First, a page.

Restaurant fined for hygiene breaches

A CHINESE restaurant owner has been forced to part with his life savings after selling potentially contaminated food to customers.

A CHINESE restaurant owner has been forced to part with his life savings after selling potentially contaminated food to customers.

The Szechuan Inn was deemed so unhygienic by inspectors that rats, insects and birds were likely to contaminate food.

Despite receiving repeated warnings about poor hygiene, a previous conviction and civil actions after an outbreak of salmonella, Shek Keung Kwok still failed to reach the required food hygiene standards.

He told South East Suffolk Magistrates' Court the £16,000 he was ordered to pay in fines and costs were his life savings which he had hoped to use to put his children through university and to pay his mortgage.

Caroline Watling, prosecuting for Babergh District Council, said Kwok, who runs the Cattawade Street restaurant and takeaway in Brantham, used an outside courtyard area which was open to rats, insects and birds to store equipment and to prepare food.

Mrs Watling said: “This outside area was not compliant with regulations.

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“It was not adequately designed for cleaning and disinfecting to avoid or minimise airborne contamination to protect against the accumulation of dirt and promote good food hygiene practices, in particular pest control.”

She said the food premises in general were not kept clean including floors and work services and neither was the equipment used for preparing food.

She added that Kwok failed to produce a written food safety procedure despite being offered help and advice to do so.

Kwok, who pleaded guilty through an interpreter, admitted failing to prepare a documented food safety management system, to failing to keep his premises and equipment clean and to using the rear yard as a food preparation area.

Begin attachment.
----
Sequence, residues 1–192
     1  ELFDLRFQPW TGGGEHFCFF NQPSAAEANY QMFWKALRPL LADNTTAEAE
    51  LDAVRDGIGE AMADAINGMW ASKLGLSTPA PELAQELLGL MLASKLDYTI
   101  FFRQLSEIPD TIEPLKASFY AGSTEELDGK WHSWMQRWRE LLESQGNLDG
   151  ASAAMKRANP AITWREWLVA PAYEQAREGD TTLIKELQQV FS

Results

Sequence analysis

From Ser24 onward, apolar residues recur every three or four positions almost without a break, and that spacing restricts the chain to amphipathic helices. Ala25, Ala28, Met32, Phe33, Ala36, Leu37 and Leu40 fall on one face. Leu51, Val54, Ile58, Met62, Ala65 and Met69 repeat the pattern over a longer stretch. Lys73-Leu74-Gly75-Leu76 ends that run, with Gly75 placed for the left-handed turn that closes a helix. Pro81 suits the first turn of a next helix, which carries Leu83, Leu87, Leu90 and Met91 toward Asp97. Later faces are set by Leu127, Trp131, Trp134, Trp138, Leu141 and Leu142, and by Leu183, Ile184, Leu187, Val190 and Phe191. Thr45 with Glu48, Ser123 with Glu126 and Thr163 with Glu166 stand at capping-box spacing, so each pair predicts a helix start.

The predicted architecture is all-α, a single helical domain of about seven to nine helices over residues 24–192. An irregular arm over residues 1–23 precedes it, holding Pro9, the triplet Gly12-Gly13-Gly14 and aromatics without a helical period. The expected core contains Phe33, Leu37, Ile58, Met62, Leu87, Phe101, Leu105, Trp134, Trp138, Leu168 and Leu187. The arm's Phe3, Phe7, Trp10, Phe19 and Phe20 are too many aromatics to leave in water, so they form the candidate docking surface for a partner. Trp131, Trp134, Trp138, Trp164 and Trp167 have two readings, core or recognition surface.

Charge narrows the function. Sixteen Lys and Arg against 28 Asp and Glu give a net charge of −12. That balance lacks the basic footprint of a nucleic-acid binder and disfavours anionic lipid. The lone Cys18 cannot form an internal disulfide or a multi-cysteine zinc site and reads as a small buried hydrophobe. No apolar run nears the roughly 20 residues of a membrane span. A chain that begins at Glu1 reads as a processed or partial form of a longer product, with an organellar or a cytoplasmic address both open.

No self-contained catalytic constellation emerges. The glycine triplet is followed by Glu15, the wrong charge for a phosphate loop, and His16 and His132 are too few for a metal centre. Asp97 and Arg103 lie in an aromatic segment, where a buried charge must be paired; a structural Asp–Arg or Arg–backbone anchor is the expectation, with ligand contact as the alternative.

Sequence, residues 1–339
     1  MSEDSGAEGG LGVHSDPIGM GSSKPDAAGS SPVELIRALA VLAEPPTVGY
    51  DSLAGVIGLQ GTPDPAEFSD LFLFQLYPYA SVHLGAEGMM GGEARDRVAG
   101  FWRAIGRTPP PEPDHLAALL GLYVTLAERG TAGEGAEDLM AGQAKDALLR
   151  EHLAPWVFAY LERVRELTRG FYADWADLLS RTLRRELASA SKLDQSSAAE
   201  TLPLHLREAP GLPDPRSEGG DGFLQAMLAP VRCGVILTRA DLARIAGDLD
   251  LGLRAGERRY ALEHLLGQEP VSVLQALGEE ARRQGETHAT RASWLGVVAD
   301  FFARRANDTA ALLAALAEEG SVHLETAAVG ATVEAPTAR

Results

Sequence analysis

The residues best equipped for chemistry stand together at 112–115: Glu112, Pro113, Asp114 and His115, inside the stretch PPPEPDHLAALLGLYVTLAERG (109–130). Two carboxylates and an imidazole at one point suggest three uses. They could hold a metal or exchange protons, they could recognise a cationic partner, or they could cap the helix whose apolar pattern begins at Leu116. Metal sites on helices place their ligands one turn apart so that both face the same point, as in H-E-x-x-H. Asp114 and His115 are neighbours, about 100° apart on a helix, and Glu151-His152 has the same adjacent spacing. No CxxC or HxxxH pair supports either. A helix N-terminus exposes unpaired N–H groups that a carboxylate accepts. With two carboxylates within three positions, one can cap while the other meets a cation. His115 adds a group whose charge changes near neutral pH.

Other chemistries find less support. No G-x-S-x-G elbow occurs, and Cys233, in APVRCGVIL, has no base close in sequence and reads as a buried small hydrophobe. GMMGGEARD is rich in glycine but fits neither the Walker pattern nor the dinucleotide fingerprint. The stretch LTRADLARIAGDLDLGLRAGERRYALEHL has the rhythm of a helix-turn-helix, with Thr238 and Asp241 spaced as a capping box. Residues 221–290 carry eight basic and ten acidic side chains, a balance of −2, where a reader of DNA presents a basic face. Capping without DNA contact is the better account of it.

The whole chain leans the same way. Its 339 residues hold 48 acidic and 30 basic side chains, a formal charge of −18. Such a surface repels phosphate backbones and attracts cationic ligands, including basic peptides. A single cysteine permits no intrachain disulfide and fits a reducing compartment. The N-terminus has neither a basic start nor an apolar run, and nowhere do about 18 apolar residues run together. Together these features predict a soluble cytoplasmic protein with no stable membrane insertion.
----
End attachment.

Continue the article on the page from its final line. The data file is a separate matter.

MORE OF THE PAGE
Mrs Watling said: “Overall the inspector said the standards of all cleaning were so poor that the risk of contamination and infestation was high.

“Even though pest control measures were in place the amount of food debris on the floor meant that rodent pests would find an ample supply of food and not be attracted to the poison bait boxes.”

She said that some cleaning had been carried out when the inspectors called last September but by January of this year the hygiene standards still fell short.

Mrs Watling added that in 2002 there was a salmonella outbreak due to poorly cooked eggs and although civil actions against Kwok were successful no criminal prosecutions were brought.

In 2004 Kwok was fined £700 for selling food which was unfit for human consumption.

Kwok's solicitor Diana Infanti said he had been running restaurants in the UK since moving from Hong Kong 30 years ago.

She said he and his wife worked 16 hour days seven days a week with the help of their two children and two part-time staff, but had failed to meet requirements because they were short staffed and had little time left for cleaning.

Kwok was fined £4,000 for each of the three offences, told to pay prosecution costs of £4,405 and a £15 victim surcharge.

He was given 14 days to pay the £16,420 or face prison.

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